Companies that issue stocks often choose to buy back their shares for a variety of reasons. When a company decides to reacquire its own shares, it can do so via an open market repurchase or an accelerated share repurchase. An accelerated share repurchase, or ASR, is a method by which a corporate entity facilities a share buyback for its own benefit.
How accelerated share repurchases work
During an accelerated share repurchase, a corporation will buy back its own shares from an investment bank. To facilitate the transaction, the bank will borrow shares from existing shareholders or clients, and then buy back those shares to return over a period as short as one day and as long as several months.
Accelerated share repurchases vs open market repurchases
Most of the time, when companies want to buy back their stock, they do so through the open market -- meaning, they purchase those shares at the going rate, just as an individual investor would. With an accelerated share repurchase, a company can transfer the risk of buying back stock to the investment bank it's working with by offering up a fixed price for its shares in exchange for a premium paid to the bank. Because accelerated share repurchases often move more quickly than open market repurchases, they're a good way to rapidly reduce the number of shares a company has outstanding.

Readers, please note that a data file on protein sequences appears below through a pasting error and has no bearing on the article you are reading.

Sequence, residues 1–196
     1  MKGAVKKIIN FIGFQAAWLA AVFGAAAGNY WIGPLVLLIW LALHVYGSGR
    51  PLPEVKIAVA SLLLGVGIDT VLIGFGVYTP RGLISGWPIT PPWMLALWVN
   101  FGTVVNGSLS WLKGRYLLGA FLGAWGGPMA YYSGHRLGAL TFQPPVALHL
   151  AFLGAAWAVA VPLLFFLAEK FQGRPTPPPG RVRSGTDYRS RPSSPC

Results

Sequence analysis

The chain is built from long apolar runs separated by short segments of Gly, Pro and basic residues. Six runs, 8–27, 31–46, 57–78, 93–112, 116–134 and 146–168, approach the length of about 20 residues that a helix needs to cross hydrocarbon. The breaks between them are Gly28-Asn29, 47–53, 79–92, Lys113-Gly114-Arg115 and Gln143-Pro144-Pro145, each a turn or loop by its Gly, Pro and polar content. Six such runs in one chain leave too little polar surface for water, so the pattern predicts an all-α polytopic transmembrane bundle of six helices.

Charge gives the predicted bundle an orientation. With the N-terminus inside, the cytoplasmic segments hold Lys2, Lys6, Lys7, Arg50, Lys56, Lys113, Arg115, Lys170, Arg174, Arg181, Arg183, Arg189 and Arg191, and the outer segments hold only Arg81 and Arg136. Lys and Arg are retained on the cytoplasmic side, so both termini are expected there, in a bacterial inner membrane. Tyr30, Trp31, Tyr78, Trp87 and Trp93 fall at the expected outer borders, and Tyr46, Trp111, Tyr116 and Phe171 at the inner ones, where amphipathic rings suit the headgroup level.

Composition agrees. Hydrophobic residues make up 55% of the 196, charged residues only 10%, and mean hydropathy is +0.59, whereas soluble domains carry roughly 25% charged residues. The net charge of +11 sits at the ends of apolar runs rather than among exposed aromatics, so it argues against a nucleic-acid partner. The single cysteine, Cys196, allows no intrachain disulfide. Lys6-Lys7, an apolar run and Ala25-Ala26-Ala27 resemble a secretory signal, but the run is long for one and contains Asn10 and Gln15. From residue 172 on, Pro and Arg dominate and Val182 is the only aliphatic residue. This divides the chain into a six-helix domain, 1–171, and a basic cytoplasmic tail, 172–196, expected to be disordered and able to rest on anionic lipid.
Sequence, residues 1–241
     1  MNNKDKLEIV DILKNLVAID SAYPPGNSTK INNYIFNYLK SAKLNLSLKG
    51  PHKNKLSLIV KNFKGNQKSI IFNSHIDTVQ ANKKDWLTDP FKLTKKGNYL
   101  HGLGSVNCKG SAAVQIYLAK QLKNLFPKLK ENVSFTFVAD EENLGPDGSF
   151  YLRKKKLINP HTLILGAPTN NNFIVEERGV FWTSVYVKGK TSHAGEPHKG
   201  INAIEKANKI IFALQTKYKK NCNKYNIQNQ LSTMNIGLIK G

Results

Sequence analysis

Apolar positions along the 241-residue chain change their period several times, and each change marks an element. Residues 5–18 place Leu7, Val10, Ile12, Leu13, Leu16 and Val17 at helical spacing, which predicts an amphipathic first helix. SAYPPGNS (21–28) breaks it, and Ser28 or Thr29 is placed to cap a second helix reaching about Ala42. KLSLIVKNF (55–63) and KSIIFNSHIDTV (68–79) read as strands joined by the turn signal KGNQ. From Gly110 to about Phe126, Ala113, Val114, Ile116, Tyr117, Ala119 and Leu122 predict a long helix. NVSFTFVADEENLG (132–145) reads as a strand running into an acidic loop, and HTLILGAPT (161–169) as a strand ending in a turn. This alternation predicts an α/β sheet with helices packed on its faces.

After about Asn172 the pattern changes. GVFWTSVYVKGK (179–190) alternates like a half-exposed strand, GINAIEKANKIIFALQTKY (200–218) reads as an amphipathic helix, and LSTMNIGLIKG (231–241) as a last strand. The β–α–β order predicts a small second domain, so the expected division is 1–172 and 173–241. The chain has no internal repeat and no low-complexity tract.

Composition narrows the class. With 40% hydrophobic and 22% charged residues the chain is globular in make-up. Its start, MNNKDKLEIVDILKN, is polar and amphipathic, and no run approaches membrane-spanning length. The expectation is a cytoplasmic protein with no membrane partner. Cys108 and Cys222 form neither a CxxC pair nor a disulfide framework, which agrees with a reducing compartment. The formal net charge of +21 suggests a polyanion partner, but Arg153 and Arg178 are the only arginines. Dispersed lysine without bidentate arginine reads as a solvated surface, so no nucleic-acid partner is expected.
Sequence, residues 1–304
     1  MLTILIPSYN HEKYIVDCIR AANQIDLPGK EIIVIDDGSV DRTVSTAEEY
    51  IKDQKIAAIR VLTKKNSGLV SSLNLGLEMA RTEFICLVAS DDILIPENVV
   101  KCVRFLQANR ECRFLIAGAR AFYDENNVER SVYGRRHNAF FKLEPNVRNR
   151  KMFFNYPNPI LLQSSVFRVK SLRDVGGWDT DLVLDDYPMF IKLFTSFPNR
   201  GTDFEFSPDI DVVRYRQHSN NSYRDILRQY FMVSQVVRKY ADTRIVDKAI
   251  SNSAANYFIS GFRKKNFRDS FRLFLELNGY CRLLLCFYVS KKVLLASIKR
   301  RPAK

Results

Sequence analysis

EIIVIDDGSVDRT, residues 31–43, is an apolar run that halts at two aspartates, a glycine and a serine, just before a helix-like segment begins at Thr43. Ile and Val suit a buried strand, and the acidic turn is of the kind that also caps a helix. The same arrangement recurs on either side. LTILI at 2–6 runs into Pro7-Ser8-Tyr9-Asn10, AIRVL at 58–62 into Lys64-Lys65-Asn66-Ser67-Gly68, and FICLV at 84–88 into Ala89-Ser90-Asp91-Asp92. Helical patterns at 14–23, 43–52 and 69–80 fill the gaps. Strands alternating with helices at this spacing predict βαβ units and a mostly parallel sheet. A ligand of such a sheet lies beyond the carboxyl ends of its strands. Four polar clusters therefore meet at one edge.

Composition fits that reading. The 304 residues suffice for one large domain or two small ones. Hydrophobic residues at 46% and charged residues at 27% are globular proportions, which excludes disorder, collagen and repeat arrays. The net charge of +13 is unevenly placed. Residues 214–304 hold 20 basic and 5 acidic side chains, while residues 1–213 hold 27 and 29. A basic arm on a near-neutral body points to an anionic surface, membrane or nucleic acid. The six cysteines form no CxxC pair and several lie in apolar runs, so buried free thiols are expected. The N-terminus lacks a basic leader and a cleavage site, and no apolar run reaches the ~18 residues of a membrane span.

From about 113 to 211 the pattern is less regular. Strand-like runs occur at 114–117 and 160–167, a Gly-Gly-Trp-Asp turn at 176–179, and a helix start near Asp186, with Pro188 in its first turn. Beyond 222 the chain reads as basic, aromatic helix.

Why companies use accelerated share repurchases
Accelerated share repurchases can be useful for companies that believe their shares are undervalued. By reducing the number of shares outstanding, a company can actually raise each share's value by increasing demand for a limited commodity. Furthermore, accelerated share repurchases allow companies to quickly consolidate ownership. When companies issue stock, each share represents an ownership stake in the business. Having fewer shares outstanding can give companies more control over their financial decisions.
A not-so-accelerated process?
As we just learned, in an accelerated share repurchase, a company will pay an investment bank a fixed amount of money up front in exchange for shares that the bank borrows. The bank will then use that money to purchase the company's stock over a period of time, which can last for several months. These newly purchased shares are then used to replace the borrowed shares, but if there are extra shares left over, the company that initiated the repurchase gets to keep them. If the stock price falls during the repurchase period, the company will come away with more shares, but if it climbs, it will end up with fewer shares.
When we talk about accelerated share repurchases, we tend to assume that the process happens quickly for everyone involved. But while the initial shares themselves are reacquired quickly by the initiating company, from a shareholder perspective, the process can be rather slow, since the final share price that results is based on the average price of the stock over what could be a lengthy period of time.
This article is part of The Motley Fool's Knowledge Center, which was created based on the collected wisdom of a fantastic community of investors based in the Foolsaurus. Pop on over there to learn more about our Wiki and how you can be involved in helping the world invest, better! If you see any issues with this page, please email us at email@example.com. Thanks -- and Fool on!
The Motley Fool has a disclosure policy.